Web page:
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I recently got myself into short forms RPG as a GM and I really love the potential! I tried a short game (3 hours) and it went OK, but I am not quite satisfied yet. I need more practice, that's for sure, but there are parts where I don't know how to improve, and that's where I need your help.

The system I'm using is a personal design by myself and my group, not an established system. It has quick rules, a d20 for actions (with a consistent but not fixed outcome), and a lot of improvisation and flexibility from the GM. World is realist, but not too much: quite like an action movie, so if jumping though a window adds to the scene, only a bit of damage will be done.

A specific problem: a fast paced pursuit (20-25 min)

In one of the scenes of my game the PCs met a enemy NPC with valuable information. The NPC managed to get away and fled into the city.

I wanted this scene to be as great as pursuit scenes from action movies—fast paced, intense, challenging, leaving them short on breath in real life.

My approach: 1 minute hourglass, 1d20 for actions

I give a brief description of the scene to the group, turn the hourglass, let them decide what they do, and when the minute is over I move game time forward (e.g., make the NPC run, or attack them while fleeing).

Outcome: The feeling of being in a hurry worked well at the beginning, but they adapted by giving really short actions ("I run", "I jump", "I attack").

Reaction: As it was boring I decided to let them describe their actions more ("How?")

Outcome #2: More creative answers, less boring, but we totally lost the rhythm and it became a turn-by-turn RPG scene, definitely not what I intended.

I feel the group can manage to be creative while being stressed but as a GM I wasn't able to obtain the scene I wanted. How can I get the best of both worlds: fast paced action scenes and creative actions from the group? Props (a clock, time-tokens?), techniques (words, tone?) or just more practice?

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    \$\begingroup\$ If you're playing in an established system, I suggest you say what it is, because then people can point out mechanics your system offers that can help you out with doing this, or point out which mechanics to ignore that will be unhelpful. It sounds like you might be using something of your or your group's independent design, though, in which case it might be worth saying so for clarity. \$\endgroup\$ – doppelgreener Jun 2 '14 at 14:00
  • \$\begingroup\$ So your system doesn't have anything for a chase? \$\endgroup\$ – okeefe Jun 2 '14 at 14:11
  • \$\begingroup\$ I use a personal design. Quick rules, d20 for actions (consistent but not fixed outcome), lot of improvisation/flexibility from the GM. World is realist, but not too much: quite like an action movie, if jumping though a window add to the scene, only few damages will be done. \$\endgroup\$ – Clément Jun 2 '14 at 14:25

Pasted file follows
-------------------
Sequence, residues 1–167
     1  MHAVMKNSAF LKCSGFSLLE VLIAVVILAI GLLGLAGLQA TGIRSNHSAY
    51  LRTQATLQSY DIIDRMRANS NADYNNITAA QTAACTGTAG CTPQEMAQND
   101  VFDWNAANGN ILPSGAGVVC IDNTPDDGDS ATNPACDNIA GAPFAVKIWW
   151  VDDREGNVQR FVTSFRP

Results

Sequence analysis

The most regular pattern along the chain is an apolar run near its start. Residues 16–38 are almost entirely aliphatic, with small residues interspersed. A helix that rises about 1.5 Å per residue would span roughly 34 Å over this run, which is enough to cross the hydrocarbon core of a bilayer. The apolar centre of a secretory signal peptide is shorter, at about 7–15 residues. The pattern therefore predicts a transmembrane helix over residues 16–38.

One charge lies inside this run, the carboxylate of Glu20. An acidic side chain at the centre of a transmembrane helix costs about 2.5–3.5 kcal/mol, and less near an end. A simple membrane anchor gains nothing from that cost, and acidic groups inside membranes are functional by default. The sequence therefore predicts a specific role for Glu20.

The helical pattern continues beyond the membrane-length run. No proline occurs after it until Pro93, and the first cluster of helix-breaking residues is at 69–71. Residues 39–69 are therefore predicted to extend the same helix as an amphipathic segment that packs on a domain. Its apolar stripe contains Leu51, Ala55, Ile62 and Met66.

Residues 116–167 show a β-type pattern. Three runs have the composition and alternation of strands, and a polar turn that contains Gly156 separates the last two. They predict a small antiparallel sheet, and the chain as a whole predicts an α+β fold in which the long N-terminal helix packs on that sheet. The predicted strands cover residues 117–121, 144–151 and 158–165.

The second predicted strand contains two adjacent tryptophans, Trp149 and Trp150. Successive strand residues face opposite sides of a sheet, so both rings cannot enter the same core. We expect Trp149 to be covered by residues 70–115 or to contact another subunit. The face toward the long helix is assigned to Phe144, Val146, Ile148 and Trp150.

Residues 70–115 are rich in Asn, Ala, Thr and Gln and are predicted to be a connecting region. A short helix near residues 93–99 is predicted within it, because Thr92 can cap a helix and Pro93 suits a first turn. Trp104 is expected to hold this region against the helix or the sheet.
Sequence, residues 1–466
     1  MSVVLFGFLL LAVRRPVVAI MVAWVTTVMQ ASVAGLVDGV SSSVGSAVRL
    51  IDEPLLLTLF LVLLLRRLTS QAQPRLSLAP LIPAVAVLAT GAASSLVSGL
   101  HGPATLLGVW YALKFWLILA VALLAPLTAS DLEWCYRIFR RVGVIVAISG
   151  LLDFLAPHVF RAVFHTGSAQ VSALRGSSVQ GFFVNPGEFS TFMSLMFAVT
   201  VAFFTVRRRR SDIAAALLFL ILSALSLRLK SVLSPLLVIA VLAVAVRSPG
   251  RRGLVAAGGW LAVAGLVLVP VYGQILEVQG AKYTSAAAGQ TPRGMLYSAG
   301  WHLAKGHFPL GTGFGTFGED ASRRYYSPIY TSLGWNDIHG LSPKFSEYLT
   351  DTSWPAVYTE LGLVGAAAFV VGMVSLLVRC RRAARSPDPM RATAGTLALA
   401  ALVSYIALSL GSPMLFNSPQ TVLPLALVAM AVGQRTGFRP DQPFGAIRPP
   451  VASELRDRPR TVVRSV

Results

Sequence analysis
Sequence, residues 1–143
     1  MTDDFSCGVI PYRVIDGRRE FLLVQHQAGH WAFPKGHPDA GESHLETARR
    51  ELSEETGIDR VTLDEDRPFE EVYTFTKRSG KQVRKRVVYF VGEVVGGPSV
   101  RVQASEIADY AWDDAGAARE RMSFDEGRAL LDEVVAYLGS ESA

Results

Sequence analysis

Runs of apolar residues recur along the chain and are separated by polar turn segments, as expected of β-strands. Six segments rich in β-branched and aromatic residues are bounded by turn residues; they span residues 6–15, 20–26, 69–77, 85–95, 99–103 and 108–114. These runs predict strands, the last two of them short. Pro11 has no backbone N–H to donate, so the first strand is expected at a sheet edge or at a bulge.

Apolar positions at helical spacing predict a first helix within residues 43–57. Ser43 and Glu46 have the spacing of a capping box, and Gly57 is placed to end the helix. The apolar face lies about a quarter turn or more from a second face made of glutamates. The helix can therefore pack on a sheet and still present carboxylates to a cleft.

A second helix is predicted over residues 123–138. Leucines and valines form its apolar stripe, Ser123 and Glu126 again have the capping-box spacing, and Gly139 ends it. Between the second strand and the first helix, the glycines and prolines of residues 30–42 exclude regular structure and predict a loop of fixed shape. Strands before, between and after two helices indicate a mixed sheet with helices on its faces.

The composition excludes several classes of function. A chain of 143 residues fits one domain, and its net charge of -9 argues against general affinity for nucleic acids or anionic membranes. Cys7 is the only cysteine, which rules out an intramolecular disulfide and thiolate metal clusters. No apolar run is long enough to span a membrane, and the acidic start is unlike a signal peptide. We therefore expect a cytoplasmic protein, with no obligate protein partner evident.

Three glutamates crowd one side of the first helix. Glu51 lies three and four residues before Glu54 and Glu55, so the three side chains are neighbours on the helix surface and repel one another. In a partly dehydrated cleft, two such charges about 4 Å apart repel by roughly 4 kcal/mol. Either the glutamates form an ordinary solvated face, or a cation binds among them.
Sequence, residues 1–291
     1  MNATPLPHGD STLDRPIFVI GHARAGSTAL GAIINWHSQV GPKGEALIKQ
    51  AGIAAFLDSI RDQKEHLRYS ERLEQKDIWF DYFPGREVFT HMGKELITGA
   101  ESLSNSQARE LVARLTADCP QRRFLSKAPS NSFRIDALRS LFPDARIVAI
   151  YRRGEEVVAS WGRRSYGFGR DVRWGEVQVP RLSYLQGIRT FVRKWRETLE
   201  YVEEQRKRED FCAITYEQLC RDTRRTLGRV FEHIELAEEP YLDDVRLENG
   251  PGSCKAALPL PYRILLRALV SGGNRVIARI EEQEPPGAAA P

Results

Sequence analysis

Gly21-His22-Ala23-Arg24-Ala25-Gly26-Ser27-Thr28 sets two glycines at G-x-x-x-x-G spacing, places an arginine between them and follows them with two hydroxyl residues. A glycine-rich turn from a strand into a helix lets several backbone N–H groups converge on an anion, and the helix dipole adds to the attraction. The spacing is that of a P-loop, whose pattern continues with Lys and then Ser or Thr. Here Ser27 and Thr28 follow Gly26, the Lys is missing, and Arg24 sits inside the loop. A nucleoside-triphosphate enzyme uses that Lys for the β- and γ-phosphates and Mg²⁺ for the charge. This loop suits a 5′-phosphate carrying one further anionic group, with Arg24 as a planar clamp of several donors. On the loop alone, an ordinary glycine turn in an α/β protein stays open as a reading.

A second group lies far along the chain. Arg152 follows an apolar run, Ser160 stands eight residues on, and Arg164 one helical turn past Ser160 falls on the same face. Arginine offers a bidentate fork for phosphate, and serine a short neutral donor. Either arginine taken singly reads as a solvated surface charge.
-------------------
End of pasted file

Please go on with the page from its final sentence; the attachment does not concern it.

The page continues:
• \$\begingroup\$ My answer may not be quite so helpful then; you've already got a pretty minimal system! \$\endgroup\$ – Rob Jun 2 '14 at 14:50
  • \$\begingroup\$ It's my fault, my question wasn't complete. Thank you for your answer, I upvoted it and may chose it as the answer because the 4 first dots are totally relevant and useful. \$\endgroup\$ – Clément Jun 2 '14 at 14:57
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Lose the battleboard, abstract, shortcut and improvise

TLDR: This answer focuses on downplaying the importance of rules, making them a more abstract guide for capacities in order to speed things up.

Mechanics can really slow down a scene, if you've ever played a battleboard system (like D&D 3.5/4.0) then you know players can spend ages just working out where they're going to step, onto which square, what attack they're going to use with with feat and yawwwwwwn I'm already bored - this is meant to be exciting. Rules and feats and skills restrict what the players think they can do, restrict them.

I ran Rolemaster for many years (a pretty heavy rules system) and I kept the details down to a minimum and described everything I could; if I really had to I drew a rough sketch with a pencil on a piece of throwaway paper but everything else was description, the rolls were frequently abstract checks, but checks to keep things going.

Important: The players need to get on-board with this idea, that the rules are there to assist, but are not the be-all and end all - rules lawyer characters who start quoting pages are going to kill this sort of game flow and won't like this sort of game.

How do you do this?

  • Ignore initiative; go round in order of seating. You make one check; the players win or the monsters win; you play the monsters, then the players go in turn. If you want a bit more leeway then the player at the left or right of you who gets the highest roll goes next.
  • Keep it rolling; time is abstract for this; use verbal cues in the game to indicate the impending problems and time-critical nature and it will spur them on "You see the escaping thief is just one roof away from diving into the river!"